Saturday, April 9, 2011

Valiante's Balancing Act

Writing in local Muslim rag The Muslim, Wahida Valiante, head of the Canadian Islamic Congress, urges the faithful to vote for candidates who most closely conform to Quranic ideals so that the land can attain the proper equilibrium:
...This brings me to our Canadian election and why it is crucial that Muslims must vote. It has taken Arabs 60 years to demand the freedom, equality, justice and rule of law that we here in Canada too often take for granted. Voting is one of our most basic rights and responsibilities in a democracy and for Muslims, our religion also demands it.
Islam is a religion of peace. And since peace is neither possible nor sustainable unless it is based on fairness, balance and justice, Islam places particular emphasis on the principle that Muslims must be standard-bearers for justice. The Qur’an clearly states that God sent messengers with His guidance and taught them to maintain balance so that people everywhere would be able to practice justice and human equity in their societies:

“Certainly We sent Our messengers with clear signs, and sent down with them the Book and the balance so that people may conduct themselves with equity.” (Qur’an, 57:25)

We need to have our say on issues that concern us and all Canadians and to elect those representatives who will do the best job of speaking up for their constituents. To that end we must exercise our best judgment when deciding who will get our votes. Candidates should be evaluated primarily based on their platform and (in the case of incumbents or former MPs) on their track record in dealing with important issues. Moreover, we need to consider each candidate from a Qur’anic perspective of how he or she has met the criteria of promoting goodness, discouraging evil, and maintaining balance, justice, equity and peace in society. The most balanced and practical approach to choosing a candidate is through an “issue-based evaluation,” rooted in the Qur’anic principles of justice, balance, equity and peace as is illustrated by the following verse:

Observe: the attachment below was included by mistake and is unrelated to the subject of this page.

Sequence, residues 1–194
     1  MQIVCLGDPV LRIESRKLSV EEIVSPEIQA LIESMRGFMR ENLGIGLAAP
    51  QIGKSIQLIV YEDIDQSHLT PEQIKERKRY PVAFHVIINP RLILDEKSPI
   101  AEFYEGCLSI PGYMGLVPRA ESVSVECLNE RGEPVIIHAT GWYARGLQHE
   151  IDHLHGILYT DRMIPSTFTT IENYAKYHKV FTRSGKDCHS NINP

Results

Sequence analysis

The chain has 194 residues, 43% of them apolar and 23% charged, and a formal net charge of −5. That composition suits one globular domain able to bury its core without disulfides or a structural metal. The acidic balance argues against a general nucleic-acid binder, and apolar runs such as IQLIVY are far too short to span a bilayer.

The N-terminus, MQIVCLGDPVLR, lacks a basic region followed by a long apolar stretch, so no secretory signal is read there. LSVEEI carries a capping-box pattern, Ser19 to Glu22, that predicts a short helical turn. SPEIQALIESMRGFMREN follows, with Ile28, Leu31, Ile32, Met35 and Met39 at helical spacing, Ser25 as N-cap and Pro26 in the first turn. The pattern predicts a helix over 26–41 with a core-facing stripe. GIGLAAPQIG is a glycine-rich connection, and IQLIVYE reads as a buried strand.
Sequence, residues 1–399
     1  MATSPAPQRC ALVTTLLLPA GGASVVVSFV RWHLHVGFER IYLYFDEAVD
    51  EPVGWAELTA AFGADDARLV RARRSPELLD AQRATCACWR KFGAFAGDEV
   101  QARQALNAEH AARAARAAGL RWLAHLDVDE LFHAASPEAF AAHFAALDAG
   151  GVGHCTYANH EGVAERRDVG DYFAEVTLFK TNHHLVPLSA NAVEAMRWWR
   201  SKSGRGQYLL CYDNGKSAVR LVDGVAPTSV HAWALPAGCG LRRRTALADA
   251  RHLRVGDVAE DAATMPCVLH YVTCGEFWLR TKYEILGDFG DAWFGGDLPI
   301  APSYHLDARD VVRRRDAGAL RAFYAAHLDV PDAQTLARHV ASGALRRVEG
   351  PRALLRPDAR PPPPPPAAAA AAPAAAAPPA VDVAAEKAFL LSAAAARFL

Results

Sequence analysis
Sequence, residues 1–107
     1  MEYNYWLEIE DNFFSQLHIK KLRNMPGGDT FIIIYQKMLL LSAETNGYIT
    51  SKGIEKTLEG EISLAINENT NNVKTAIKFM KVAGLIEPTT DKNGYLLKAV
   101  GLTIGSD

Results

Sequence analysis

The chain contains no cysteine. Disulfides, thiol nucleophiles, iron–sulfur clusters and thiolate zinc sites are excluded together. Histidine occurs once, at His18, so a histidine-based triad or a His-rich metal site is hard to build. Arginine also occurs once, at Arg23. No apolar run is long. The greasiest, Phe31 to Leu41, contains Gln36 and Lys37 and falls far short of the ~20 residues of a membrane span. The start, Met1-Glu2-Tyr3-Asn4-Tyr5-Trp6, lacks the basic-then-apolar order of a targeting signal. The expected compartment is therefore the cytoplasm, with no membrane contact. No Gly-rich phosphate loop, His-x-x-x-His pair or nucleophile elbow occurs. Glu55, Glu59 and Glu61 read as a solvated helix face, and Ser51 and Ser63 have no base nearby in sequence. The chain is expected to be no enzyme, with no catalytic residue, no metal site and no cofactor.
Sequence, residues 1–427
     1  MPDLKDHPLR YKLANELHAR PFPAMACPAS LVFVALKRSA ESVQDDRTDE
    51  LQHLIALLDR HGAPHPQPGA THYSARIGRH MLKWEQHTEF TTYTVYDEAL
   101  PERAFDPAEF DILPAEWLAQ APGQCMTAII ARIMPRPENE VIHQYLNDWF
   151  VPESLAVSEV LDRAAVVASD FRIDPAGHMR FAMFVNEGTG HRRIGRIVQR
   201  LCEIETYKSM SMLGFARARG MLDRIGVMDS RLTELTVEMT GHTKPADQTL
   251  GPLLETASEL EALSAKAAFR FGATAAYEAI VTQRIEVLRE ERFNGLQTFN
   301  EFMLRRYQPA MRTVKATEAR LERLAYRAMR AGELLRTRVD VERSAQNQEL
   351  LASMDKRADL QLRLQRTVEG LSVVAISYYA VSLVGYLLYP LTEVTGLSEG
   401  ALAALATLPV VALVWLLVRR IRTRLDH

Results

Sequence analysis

O believers, be determined practitioners of justice as witnesses for Allah's (God’s) sake, even though it be against yourselves, or your parents, or near relatives; whether it concerns rich or poor, Allah (God) is more considerate of both of them. Therefore, do not follow a passion or desire lest you lose the balance. And if you distort it or disregard it, then surely Allah is well-aware of what you do. (Qur’an, 4:135)

Muslims are commanded to practice justice and maintain balance, moderation and equilibrium in society, both individually in their personal dealings, as well as collectively in public affairs:

Verily, Allah commands justice, patience in performing your duties, and giving to those close to you, while He forbids evil deeds, bad behaviour, and oppression and violating other’s rights and freedom. He admonishes you so that you heed the advice. (Qur’an, 16:90)

Our responsibility as Muslim citizens also demands that we vote for those who will apply Qur’anic principles (Qur’an, 4:5) to contemporary issues in their electoral jurisdiction. Consequently our vote is a trust that belongs to the best candidate. Therefore we must also choose among the available candidates with justice (Qur’an, 4:58) because to do so is a religious exercise of judgment, and justice demands that we select the best among candidates...
And if they do that, perhaps one day they may hold the "balance" of power.

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